Taser

A taser is an electroshock weapon used to temporarily incapacitate targets allowing them to be approached and handled in an unresisting and thus safe manner. It is sold by Axon, formerly TASER International.[1] It fires two small barbed darts intended to puncture the skin and remain attached to the target, at 55 m/s (120 mph; 200 km/h). Their range extends from 4.5 m (15 ft) for non-Law Enforcement Tasers to 10.5 m (34 ft) for LE Tasers. The darts are connected to the main unit by thin insulated copper wire and deliver a modulated electric current designed to disrupt voluntary control of muscles, causing "neuromuscular incapacitation", which is often mistaken for unconsciousness by police officers and bystanders. The effects of a taser may only be localised pain or strong involuntary long muscle contractions, based on the mode of use and connectivity of the darts.[2][3]

A TASER device, with cartridge removed, making an electric spark between its two electrodes
Police issue X26 TASER device with cartridge installed
Raysun X-1, a multi-purpose handheld weapon

Tasers are marketed as less-lethal, since the possibility of serious injury or death exists whenever the weapon is deployed.[4] At least 49 people died in 2018 after being shocked by police with a Taser.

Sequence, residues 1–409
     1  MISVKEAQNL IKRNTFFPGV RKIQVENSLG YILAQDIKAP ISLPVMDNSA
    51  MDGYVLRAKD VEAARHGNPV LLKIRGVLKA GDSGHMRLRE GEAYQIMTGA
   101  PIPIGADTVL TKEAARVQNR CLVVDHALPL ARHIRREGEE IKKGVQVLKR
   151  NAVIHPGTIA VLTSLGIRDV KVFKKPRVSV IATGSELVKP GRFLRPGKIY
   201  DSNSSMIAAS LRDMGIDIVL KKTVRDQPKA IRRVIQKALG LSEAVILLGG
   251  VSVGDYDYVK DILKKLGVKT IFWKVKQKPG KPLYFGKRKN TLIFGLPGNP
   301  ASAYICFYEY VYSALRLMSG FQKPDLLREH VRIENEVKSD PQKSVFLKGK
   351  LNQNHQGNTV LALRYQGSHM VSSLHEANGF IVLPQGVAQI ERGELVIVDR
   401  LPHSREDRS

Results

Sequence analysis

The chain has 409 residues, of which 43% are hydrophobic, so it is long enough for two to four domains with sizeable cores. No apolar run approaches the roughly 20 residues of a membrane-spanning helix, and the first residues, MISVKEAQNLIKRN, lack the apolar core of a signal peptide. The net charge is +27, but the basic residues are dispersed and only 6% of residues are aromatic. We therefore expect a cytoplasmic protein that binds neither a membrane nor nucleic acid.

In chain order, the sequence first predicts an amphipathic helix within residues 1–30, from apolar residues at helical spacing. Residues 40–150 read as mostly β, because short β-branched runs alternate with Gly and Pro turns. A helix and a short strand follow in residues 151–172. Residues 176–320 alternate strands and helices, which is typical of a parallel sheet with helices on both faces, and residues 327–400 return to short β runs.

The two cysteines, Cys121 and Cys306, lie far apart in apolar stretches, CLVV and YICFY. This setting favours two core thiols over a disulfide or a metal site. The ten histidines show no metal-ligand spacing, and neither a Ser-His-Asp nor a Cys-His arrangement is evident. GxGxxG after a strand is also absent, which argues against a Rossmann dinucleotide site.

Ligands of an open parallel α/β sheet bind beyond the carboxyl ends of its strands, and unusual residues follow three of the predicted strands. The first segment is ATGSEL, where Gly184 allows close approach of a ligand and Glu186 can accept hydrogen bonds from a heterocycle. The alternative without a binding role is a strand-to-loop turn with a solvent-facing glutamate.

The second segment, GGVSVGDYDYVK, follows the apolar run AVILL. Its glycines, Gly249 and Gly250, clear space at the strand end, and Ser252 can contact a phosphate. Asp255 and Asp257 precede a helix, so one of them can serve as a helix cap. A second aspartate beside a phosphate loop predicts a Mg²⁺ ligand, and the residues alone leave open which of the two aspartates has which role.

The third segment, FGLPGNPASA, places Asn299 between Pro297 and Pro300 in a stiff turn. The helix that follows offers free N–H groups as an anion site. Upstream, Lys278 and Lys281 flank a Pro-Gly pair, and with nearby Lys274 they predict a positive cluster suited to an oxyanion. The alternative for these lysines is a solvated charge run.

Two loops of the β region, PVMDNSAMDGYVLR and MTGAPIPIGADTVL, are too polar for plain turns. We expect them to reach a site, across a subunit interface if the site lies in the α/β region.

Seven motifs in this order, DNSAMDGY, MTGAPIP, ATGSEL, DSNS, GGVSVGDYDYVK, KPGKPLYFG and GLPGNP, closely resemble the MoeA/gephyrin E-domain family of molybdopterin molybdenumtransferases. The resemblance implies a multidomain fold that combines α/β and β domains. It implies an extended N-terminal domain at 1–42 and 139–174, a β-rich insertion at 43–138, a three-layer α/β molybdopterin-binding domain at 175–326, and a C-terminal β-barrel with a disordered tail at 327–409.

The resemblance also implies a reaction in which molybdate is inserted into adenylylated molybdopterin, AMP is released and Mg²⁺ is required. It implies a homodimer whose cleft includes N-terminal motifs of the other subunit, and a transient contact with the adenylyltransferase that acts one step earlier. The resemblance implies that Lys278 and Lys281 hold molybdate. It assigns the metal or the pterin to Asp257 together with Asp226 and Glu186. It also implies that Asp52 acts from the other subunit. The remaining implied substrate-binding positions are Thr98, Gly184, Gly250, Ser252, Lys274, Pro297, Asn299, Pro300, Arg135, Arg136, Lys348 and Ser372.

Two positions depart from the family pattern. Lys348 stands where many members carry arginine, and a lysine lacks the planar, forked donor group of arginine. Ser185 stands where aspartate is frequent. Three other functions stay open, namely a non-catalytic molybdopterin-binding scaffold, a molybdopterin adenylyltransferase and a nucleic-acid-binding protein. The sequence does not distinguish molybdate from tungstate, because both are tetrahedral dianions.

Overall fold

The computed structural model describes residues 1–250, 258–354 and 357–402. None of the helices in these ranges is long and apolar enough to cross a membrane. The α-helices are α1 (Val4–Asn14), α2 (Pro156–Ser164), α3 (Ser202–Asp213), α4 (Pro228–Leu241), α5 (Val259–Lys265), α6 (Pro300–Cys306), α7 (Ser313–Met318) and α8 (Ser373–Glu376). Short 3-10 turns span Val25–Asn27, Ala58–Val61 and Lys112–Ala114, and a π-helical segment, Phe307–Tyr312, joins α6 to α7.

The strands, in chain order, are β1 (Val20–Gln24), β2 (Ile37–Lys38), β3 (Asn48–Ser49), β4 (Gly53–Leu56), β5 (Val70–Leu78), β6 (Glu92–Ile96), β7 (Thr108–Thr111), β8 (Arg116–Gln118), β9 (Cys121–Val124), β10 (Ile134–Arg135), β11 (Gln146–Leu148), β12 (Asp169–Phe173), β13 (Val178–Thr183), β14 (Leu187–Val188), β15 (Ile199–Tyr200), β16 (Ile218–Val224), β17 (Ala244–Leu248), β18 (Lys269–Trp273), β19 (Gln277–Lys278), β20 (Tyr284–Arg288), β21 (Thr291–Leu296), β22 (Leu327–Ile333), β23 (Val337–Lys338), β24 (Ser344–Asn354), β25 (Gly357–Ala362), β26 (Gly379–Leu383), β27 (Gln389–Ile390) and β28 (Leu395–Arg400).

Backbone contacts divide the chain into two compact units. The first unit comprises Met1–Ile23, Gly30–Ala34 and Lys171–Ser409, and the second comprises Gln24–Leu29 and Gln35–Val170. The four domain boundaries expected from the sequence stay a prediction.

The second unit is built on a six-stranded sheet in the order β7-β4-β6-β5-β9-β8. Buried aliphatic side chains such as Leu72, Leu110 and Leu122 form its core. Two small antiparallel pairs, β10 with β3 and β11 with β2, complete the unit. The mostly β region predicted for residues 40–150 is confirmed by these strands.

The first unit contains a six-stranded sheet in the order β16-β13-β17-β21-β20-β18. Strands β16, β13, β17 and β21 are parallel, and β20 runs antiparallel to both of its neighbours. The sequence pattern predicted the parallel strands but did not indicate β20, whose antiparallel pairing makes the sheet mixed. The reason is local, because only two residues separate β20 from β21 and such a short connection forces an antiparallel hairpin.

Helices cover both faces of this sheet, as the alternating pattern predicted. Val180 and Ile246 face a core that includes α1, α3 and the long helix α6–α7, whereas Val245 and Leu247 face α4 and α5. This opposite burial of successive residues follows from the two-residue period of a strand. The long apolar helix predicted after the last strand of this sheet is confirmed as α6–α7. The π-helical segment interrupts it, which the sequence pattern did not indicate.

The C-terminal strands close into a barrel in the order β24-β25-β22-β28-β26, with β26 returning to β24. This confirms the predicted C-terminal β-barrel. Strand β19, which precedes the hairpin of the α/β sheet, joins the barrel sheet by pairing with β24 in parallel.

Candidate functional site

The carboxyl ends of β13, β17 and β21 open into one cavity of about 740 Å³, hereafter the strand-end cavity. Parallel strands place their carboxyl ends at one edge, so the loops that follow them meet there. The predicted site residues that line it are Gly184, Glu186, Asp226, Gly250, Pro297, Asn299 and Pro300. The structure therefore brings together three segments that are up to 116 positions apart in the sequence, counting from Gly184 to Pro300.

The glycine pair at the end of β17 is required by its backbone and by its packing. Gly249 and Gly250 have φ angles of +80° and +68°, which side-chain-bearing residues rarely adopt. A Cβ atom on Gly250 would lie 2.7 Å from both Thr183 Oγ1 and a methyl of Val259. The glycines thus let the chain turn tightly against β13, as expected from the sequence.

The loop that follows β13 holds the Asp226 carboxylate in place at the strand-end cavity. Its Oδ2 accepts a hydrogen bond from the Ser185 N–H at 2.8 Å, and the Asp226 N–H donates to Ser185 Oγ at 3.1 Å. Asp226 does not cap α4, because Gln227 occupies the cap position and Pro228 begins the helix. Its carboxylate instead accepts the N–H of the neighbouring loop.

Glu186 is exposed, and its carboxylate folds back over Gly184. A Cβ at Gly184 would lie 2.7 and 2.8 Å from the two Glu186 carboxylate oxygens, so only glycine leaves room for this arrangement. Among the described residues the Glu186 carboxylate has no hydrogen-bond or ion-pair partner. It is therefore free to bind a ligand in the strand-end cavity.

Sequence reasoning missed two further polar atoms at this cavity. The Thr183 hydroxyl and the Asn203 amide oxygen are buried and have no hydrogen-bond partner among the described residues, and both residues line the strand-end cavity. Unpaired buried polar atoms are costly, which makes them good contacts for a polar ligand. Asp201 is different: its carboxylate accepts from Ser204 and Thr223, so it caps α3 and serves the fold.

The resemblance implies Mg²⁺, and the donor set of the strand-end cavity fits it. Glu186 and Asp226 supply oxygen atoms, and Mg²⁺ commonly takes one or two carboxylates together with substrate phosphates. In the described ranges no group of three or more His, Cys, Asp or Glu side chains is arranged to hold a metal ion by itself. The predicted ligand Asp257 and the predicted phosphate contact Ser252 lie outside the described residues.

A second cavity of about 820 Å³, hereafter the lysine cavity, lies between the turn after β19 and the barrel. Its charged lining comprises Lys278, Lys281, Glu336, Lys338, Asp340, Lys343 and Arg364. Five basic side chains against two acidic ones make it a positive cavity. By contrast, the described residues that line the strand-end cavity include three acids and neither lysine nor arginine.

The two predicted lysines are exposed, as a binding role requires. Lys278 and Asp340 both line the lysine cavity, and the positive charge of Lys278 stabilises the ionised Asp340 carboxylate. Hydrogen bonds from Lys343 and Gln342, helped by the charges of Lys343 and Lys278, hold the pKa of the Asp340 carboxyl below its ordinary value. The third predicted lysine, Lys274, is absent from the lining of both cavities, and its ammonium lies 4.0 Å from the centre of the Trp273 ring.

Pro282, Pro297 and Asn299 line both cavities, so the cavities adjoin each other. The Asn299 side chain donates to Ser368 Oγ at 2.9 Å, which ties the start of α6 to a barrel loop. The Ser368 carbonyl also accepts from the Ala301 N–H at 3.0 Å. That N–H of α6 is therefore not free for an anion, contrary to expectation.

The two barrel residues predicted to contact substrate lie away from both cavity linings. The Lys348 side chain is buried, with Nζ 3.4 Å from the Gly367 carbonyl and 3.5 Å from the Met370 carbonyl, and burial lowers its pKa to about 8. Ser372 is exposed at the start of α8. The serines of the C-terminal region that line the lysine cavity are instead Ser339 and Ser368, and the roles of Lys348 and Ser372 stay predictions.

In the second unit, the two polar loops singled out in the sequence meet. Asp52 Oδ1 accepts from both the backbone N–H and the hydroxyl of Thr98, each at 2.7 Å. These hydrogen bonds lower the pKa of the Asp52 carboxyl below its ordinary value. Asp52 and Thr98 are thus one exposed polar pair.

The first taser conducted energy weapon was introduced in 1993[5] as a less-lethal force option for police to use to subdue fleeing, belligerent, or potentially dangerous people, who would have otherwise been subjected to more lethal force options such as firearms. According to a 2010 study titled "Police Use of Force, TASERs and Other Less-Lethal Weapons", over 15,000 law enforcement and military agencies around the world used tasers as part of their use of force continuum. There has been some controversy attending its use on children, and as to whether it constitutes a form of torture.

A 2009 report by the Police Executive Research Forum in the United States found that police officer injuries dropped by 76% in large law enforcement agencies that deployed taser devices in the first decade of the 21st century compared with those that did not use them at all.[6] TASER International and its CEO Rick Smith have claimed that unspecified "police surveys" show that the device has "saved 75,000 lives through 2011".[7][8] A more recent academic study suggested police use of conducted electrical weapons in the United States was less risky to police officers than hands-on tactics, and showed officer injury rates equal to use of chemical sprays such as oleoresin capsicum. However, when police combined conducted electrical weapons with use of other weapons, officers were four or five times more likely to be injured than when using a baton or chemical spray.[9]


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